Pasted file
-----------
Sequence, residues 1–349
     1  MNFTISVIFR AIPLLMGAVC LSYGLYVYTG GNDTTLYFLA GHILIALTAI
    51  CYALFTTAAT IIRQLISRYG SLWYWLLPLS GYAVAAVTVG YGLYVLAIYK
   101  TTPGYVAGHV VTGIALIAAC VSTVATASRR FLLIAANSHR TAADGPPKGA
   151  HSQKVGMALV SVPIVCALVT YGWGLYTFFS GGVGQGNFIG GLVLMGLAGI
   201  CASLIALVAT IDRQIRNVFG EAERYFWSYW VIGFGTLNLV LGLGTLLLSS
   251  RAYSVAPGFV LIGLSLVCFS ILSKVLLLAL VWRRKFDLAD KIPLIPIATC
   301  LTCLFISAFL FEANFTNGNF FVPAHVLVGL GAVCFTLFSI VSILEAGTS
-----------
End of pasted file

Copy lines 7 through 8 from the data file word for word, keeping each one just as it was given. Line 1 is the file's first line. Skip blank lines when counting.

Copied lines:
   251  RAYSVAPGFV LIGLSLVCFS ILSKVLLLAL VWRRKFDLAD KIPLIPIATC
   301  LTCLFISAFL FEANFTNGNF FVPAHVLVGL GAVCFTLFSI VSILEAGTS